Description:

FIELD

The present disclosure relates to reciprocating saws and more particularly to a clamp assembly on a reciprocating saw.

BACKGROUND

This section provides background information related to the present disclosure which is not necessarily prior art.

Craftsman and builders have used reciprocating saws and jigsaws throughout the industry to perform various cutting operations. A conventional reciprocating saw or jigsaw can generally consist of a housing having a motor, a drive mechanism for translating rotational motion of the motor into linear actuation of a carrier or driveshaft, and a saw blade releasably coupled to the drive shaft. In some applications, a user may use a reciprocating saw to cut cylindrical objects, such as pipes for example. In such an application, the user can hold the saw at a handle portion and bring the reciprocating saw blade into contact with the cylindrical piece.

The reciprocating saw blade can slowly be moved through the cylindrical item while cutting it. The reciprocating movements of the saw blade can exert forces on the object which is being cut, i.e., the pipe. As a result, the object being cut can try to follow the saw blade since there can be a considerable friction between the reciprocating saw blade and the pipe. Therefore, in some instances, a user can grip the pipe and hold it tightly with one hand against the saw while the reciprocating saw is held in the other hand in order to achieve an accurate cut. Such a scenario can present an inconvenient cutting experience. Furthermore, the cut can be inaccurate if the reciprocating saw blade is not steadily held in the same position with respect to the pipe.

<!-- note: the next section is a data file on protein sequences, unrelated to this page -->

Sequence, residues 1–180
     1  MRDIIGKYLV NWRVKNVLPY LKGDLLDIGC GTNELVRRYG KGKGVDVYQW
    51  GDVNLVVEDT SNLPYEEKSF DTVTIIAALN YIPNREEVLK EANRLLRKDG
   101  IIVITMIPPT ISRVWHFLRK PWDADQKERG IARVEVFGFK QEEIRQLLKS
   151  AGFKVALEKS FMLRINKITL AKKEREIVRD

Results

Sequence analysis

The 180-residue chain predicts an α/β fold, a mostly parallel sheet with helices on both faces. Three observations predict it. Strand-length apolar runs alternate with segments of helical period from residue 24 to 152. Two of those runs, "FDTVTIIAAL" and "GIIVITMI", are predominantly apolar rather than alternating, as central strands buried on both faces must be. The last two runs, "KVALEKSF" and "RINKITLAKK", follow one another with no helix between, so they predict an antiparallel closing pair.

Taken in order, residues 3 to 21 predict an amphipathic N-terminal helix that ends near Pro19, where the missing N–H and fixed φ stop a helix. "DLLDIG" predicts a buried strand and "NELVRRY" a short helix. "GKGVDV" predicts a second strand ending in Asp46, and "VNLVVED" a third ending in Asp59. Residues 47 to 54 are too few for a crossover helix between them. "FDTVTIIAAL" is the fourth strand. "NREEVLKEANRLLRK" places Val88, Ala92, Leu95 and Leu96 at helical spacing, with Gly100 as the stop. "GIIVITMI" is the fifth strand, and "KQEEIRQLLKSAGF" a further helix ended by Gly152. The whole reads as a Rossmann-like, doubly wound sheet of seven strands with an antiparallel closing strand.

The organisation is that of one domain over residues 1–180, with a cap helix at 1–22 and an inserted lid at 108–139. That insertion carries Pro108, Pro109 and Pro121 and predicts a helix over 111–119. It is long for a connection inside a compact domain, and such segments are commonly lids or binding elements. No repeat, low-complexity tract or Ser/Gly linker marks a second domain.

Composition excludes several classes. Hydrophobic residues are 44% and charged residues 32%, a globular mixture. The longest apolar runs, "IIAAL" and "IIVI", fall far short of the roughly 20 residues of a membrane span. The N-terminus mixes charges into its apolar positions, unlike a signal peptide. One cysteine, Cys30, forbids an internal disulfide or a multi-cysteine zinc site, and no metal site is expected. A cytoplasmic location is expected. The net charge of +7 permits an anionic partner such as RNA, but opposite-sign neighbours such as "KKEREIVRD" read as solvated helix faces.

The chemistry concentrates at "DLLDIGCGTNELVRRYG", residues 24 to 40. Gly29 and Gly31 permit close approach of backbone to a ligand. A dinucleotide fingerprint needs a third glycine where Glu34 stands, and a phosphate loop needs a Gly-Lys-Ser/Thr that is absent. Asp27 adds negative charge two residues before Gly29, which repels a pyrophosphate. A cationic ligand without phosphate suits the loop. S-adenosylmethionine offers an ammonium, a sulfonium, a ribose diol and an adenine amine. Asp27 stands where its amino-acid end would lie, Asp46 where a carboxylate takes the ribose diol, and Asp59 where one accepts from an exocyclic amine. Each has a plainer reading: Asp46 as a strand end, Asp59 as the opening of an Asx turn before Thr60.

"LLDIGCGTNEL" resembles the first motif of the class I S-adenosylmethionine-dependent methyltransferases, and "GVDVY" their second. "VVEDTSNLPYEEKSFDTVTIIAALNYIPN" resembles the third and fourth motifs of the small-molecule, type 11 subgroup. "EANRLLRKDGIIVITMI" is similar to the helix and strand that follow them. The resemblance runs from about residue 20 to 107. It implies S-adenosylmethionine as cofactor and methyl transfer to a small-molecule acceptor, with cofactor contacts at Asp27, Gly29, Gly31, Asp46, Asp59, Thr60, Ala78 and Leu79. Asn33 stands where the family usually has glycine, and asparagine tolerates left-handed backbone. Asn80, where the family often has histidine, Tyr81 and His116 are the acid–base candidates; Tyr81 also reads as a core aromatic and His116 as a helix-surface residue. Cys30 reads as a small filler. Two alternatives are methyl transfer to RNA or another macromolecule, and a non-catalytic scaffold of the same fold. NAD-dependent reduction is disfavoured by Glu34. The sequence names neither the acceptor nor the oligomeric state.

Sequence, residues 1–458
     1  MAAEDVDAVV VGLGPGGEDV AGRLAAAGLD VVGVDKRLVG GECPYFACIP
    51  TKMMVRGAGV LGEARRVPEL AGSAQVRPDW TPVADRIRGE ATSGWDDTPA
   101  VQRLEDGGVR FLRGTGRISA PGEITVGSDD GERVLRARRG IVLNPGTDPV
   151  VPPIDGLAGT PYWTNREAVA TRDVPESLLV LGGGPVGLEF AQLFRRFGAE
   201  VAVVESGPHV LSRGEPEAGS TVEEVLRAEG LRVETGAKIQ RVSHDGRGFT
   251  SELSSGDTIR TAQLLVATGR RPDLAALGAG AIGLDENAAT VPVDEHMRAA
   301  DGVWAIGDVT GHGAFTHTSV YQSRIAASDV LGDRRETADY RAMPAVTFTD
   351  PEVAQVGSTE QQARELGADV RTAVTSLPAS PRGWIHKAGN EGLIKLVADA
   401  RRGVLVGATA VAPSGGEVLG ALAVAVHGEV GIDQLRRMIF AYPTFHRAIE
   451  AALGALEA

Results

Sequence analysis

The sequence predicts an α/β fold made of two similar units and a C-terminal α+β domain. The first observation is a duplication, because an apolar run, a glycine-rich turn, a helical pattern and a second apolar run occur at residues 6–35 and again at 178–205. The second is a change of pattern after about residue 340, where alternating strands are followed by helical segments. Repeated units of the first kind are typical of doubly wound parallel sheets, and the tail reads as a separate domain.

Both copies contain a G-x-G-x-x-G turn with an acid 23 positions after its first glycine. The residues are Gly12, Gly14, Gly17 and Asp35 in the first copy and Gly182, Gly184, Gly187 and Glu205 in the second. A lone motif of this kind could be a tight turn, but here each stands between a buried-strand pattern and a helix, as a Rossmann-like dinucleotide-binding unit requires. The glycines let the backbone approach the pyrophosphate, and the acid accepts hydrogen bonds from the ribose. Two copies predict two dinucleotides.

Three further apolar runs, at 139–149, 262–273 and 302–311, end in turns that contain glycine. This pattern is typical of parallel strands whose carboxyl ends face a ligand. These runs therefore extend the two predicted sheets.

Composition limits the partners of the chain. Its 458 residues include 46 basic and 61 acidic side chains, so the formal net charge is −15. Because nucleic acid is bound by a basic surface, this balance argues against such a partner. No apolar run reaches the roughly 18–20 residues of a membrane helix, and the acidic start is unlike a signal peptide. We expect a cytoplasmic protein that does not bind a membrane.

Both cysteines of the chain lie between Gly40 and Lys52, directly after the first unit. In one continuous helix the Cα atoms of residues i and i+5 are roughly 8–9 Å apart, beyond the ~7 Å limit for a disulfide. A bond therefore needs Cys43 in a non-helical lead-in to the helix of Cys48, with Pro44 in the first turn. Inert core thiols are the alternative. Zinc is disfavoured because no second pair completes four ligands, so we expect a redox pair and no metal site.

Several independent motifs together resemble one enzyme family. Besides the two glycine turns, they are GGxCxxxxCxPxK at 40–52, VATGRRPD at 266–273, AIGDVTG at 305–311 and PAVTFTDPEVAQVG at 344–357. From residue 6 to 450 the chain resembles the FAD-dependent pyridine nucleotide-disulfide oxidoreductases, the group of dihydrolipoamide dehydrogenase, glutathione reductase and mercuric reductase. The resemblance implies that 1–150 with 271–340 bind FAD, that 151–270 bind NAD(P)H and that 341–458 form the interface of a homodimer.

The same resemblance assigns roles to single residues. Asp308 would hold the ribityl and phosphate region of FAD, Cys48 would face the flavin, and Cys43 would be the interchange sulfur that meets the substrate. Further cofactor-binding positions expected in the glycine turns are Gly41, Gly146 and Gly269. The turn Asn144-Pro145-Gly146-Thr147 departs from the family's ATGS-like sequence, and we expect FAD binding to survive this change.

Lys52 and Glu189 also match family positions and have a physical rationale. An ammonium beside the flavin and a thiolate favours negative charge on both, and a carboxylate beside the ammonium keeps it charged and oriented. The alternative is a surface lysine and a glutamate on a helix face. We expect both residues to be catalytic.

SUMMARY

This section provides a general summary of the disclosure, and is not a comprehensive disclosure of its full scope or all of its features.

A reciprocating saw constructed in accordance to one example of the present teachings can include a housing and a motor disposed in the housing. A blade retaining mechanism can receive a saw blade. A drive mechanism can translate rotational motion of the motor into reciprocating motion of the blade retaining mechanism. A clamp assembly can include first and second shoes that are coupled to the housing. The first shoe can have a first shoe body that includes a first material facing surface. The second shoe can include a second material facing surface that opposes the first material facing surface and that defines a clamping distance therebetween. At least one of the first and second shoes is selectively adjustable relative to the housing, such that the clamping distance can be altered. One of the first or second shoe bodies can have a third material facing surface that comprises an arcuate section defining a radius.